Saturday, January 14, 2006

Why Iraq's Resistance Differs From Insurgency

By Roger Cohen
International Herald Tribune
January 14, 2006

BAGHDAD--Forget the insurgency. We all know about that. It's time to think about the Iraqi resistance, which may hold the key to the success or failure of the great American gamble in Iraq.

What is the resistance and how does it differ from the insurgency? It's the great mass of Sunni Arabs for whom the American invasion turned life on its head. It's the Sunnis toppled by U.S. tanks from a centuries-old dominance and angered by the ascendancy of the long-trampled Shiite majority.

These Sunnis, perhaps 20 percent of the Iraqi population, are the sea in which the double-headed insurgency (part Al Qaeda fanatics, part Saddam irredentists) has thrived. They're the folk who have granted insurgents safe passage, turned a blind eye to myriad acts of sabotage, taken small payments for small services, and generally wished America ill. Resistance can be largely passive but no less effective for that.

Nothing will change the insurgents; they're in this to the death. Al Qaeda in Mesopotamia will not cease its monstrous dream of a restored caliphate, nor stop cutting infidel throats in pursuit of that illusion.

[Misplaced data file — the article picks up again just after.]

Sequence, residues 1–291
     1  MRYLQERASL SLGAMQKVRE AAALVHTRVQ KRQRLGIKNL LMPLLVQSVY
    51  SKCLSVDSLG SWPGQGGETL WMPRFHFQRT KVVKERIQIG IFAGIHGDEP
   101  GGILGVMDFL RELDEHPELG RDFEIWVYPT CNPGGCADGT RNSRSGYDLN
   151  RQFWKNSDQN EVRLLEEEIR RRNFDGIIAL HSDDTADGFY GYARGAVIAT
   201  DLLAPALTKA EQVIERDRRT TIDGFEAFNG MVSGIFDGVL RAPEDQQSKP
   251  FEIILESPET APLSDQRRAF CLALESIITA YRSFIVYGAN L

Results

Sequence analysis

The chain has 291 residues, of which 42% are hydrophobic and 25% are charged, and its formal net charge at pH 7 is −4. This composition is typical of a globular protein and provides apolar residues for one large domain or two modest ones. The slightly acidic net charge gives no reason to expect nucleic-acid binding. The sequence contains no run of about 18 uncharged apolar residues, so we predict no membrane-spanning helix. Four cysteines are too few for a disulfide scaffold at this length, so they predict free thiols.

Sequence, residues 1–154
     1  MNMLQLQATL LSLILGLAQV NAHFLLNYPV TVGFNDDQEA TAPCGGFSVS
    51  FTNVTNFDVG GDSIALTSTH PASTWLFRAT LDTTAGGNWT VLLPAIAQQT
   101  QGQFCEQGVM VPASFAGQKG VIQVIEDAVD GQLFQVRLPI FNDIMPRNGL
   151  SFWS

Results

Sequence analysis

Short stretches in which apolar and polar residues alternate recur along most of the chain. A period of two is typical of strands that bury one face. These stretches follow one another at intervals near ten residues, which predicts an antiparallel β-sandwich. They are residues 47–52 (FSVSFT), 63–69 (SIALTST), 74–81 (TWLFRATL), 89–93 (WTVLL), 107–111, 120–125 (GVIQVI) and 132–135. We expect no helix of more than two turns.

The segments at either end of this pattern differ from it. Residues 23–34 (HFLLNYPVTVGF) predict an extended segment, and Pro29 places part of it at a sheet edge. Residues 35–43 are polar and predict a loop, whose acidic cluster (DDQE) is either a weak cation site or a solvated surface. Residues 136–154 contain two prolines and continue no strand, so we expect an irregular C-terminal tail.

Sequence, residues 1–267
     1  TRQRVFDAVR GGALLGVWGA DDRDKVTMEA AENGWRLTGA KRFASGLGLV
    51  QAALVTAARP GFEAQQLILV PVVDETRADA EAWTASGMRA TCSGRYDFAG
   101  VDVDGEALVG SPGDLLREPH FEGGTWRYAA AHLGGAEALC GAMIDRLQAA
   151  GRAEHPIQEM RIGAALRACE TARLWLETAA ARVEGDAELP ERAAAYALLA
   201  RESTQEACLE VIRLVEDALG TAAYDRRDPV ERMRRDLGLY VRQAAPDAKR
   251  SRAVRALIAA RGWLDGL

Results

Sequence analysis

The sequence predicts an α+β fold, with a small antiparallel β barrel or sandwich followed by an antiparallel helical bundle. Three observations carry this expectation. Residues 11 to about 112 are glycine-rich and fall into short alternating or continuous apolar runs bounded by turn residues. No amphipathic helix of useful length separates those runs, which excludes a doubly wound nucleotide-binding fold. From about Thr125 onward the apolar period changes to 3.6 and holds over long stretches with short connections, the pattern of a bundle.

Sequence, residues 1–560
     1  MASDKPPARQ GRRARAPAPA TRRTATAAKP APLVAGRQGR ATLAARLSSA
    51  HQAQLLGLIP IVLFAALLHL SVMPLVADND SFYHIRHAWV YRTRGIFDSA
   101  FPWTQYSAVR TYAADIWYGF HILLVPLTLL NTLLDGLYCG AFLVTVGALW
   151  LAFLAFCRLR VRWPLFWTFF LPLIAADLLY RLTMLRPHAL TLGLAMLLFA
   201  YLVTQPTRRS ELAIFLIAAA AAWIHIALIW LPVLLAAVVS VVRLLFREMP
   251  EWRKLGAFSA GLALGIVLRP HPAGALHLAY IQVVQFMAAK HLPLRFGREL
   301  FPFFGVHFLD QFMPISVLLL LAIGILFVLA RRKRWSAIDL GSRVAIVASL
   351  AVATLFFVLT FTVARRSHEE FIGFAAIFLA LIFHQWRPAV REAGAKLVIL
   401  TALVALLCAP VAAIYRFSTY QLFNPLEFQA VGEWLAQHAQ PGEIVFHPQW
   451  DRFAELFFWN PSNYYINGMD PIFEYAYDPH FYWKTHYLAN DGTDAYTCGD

The die-hard Baathists nostalgic for the ancien regime will not stop their murderous quest to restore the comfortable world they knew and loved of lucrative trade monopolies locked in by kill-on-a-whim despotism.

But the Sunni resistance is another story. Like human nature, it's malleable. It's composed for the most part of people who want jobs and a stake in the new Iraq and may start to think differently should those be provided.

If the resistance can be turned, the sea could dry up and the insurgents' lives become arid. It is to this task, very late in the day, that the United States has now turned.

Conversations with American officials and officers here reveal a couple of important new catchphrases. One is "pushing the envelope with the Sunnis." Another is "the Sunni buy-in." The former is supposed to secure the latter.

It may seem bizarre that close to three years have been needed to focus on the resistance, but then America's attempt to change the course of Middle Eastern history through Iraq has been characterized from the outset by a whimsical disregard for the enormity of the upheaval set in motion by the invasion.

Chief among these was the destruction of a Middle Eastern order dominated by Sunni strongmen - one with which the United States had long seemed happy enough so long as the oil flowed - and the propulsion of the downtrodden Shia toward power through a revolutionary idea: one Iraqi, one vote.

The Sunnis were staggered: how could Washington give its backing to the people they disparagingly call the "Iranians" or the "Safavids" (after an old Persian dynasty) because Iran is a Shiite theocracy? Their astonishment was soon accompanied by an implacable anger; the resistance was born.